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Gender and Its Effects on Psychopathology

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Gender and Its Effects on Psychopathology


EDITED BY

Ellen Frank, Ph.D.

American Psychopathological Association

WASHINGTON, DC LONDON, ENGLAND

Note: The authors have worked to ensure that all information in this book concerning drug dosages, schedules, and routes of administration is accurate as of the time of publication and consistent with standards set by the U.S. Food and Drug Administration and the general medical community. As medical research and practice advance, however, therapeutic standards may change. For this reason and because human and mechanical errors sometimes occur, we recommend that readers follow the advice of a physician who is directly involved in their care or the care of a member of their family. Books published by the American Psychiatric Press, Inc., represent the views and opinions of the individual authors and do not necessarily represent the policies and opinions of the Press or the American Psychiatric Association. Copyright 2000 American Psychiatric Press, Inc. ALL RIGHTS RESERVED Manufactured in the United States of America on acid-free paper 03 02 01 00 4 3 2 1 First Edition American Psychiatric Press, Inc. 1400 K Street, N.W., Washington, DC www.appi.org

20005

Library of Congress Cataloging-in-Publication Data Gender and its effects on psychopathology / edited by Ellen Frank. p. cm. (American Psychopathological Association series) Includes bibliographical references and index. ISBN 0-88048-798-4 1. Mental illnessSex factors. 2. Sex differences (Psychology). 3. Psychology, Pathological. I. Frank, Ellen, (1944- . II. Series. [DNLM: 1. Mental Disorders. 2. Sex Factors. WM 140 G325 1999] RC455.4.S45G465 1999 616.89dc21 DNLM/DLC 98-33988 for Library of Congress CIP British Library Cataloguing in Publication Data A CIP record is available from the British Library.

The ideas for the meeting of The American Psychopathological Association on which this volume is based were developed while the editor was a John D. and Catherine T. MacArthur Fellow at the Center for Advanced Study in the Behavioral Sciences, Palo Alto, California.

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Contents

Contributors Introduction
Ellen Frank, Ph.D.

xi xv

Section I Etiological Mechanisms


1 Hormonal Basis of Mood Disorders in Women
Barbara L. Parry, M.D.

2 Gender and Dimensions of the Self: Implications for Internalizing and Externalizing Behavior
Sarah Rosenfield, Ph.D.

23

3 Gender-Specific Etiologies for Antisocial and Borderline Personality Disorders?


Andrew E. Skodol, M.D.

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Section II Mood and Anxiety Disorders


4 Gender Differences in Major Depression: Epidemiological Findings
Ronald C. Kessler, Ph.D.

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5 Pubertal Changes and Adolescent Challenges: Why Do Rates of Depression Rise Precipitously for Girls Between Ages 10 and 15 Years?
Ellen Frank, Ph.D., and Elizabeth Young, M.D.

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6 Gender Differences in Response to Treatments of Depression


Michael E. Thase, M.D., Ellen Frank, Ph.D., Susan G. Kornstein, M.D., and Kimberly A. Yonkers, M.D.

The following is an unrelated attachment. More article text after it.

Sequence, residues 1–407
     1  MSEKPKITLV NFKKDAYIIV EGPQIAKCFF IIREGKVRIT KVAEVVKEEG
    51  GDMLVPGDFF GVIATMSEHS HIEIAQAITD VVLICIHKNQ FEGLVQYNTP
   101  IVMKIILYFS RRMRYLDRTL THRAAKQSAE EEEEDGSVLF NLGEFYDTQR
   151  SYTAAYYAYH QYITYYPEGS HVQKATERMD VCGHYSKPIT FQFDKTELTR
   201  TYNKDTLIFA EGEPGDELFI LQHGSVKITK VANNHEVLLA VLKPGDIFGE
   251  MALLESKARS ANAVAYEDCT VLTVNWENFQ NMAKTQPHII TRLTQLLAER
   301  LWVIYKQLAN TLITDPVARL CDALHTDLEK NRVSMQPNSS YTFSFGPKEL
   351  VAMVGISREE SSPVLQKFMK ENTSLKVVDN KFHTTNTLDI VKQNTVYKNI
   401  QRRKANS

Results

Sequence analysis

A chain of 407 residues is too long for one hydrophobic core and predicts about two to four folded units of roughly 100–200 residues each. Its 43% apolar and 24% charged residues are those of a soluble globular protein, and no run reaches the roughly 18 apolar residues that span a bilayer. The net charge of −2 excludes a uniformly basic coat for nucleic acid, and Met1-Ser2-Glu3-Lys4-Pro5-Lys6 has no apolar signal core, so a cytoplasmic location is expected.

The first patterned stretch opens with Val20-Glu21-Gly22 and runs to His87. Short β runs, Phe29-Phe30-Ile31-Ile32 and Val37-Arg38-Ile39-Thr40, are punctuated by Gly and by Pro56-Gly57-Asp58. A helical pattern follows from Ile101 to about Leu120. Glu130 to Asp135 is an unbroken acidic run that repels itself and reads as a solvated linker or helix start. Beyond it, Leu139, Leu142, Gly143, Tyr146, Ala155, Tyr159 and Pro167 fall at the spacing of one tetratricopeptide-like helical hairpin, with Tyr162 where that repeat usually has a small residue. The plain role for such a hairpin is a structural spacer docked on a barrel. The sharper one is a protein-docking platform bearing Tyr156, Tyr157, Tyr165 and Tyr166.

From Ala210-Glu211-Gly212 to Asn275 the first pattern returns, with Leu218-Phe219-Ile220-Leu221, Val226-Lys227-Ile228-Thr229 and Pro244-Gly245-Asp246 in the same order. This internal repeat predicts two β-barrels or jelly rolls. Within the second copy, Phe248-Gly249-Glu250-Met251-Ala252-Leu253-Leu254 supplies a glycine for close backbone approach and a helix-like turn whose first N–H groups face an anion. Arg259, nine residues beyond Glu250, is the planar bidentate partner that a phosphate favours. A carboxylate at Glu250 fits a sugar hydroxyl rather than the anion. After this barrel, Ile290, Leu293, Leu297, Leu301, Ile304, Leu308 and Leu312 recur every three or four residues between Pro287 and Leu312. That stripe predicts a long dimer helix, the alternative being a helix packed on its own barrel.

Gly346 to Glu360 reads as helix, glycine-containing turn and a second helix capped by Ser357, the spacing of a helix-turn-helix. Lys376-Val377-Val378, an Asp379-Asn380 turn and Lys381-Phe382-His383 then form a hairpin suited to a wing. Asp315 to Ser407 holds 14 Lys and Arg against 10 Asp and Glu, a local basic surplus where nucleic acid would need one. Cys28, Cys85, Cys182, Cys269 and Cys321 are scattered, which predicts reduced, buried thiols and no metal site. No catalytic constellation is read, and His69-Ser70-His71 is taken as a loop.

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7 Gender Differences in Major Depression: The Role of Anxiety


Naomi Breslau, Ph.D., Howard D. Chilcoat, Sc.D., Edward L. Peterson, Ph.D., and Lonni R. Schultz, Ph.D.

131

8 Gender Differences in Anxiety Disorders: Clinical Implications


M. Katherine Shear, M.D., Ulrike Feske, Ph.D. and Catherine Greeno, Ph.D.

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Section III Schizophrenia


9 Gender and Schizophrenia: An Overview
Steven O. Moldin, Ph.D.

169 187

10 Gender Differences in First-Episode Schizophrenia


Heinz Hfner, M.D., Ph.D., Dres.h.c.

Section IV Substance Abuse and Dependence


11 Gender Differences in the Epidemiology of Substance Dependence in the United States
Denise B. Kandel, Ph.D.

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12 Gender Effects in GeneEnvironment Interactions in Substance Abuse


Remi J. Cadoret, M.D., Kristin Riggins-Caspers, Ph.D., William R. Yates, M.D., Edward P. Troughton, B.A., and Mark A. Stewart, M.D.

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13 Gender Differences in the Effects of Opiates and Cocaine: Treatment Implications


Mary Jeanne Kreek, M.D.

281 301

Index

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Contributors

Naomi Breslau, Ph.D. Director of Research for Psychiatry, Departments of Psychiatry and of Biostatistics and Research Epidemiology, Henry Ford Health Systems, Detroit, Michigan; Professor of Psychiatry, Case Western Reserve University School of Medicine, Cleveland, Ohio Remi Cadoret, M.D. Professor of Psychiatry Emeritus, Psychiatry Research, University of Iowa, Iowa City, Iowa Howard D. Chilcoat, Sc.D. Research Scientist, Department of Psychiatry, Henry Ford Health Systems, Detroit, Michigan Ulrike Feske, Ph.D. Assistant Professor of Psychiatry, Western Psychiatric Institute and Clinic, Pittsburgh, Pennsylvania Ellen Frank, Ph.D. Professor of Psychiatry and Psychology, Department of Psychiatry, University of Pittsburgh, Western Psychiatric Institute and Clinic, Pittsburgh, Pennsylvania Catherine Greeno, Ph.D. Assistant Professor of Social Work and Psychiatry, University of Pittsburgh, Pittsburgh, Pennsylvania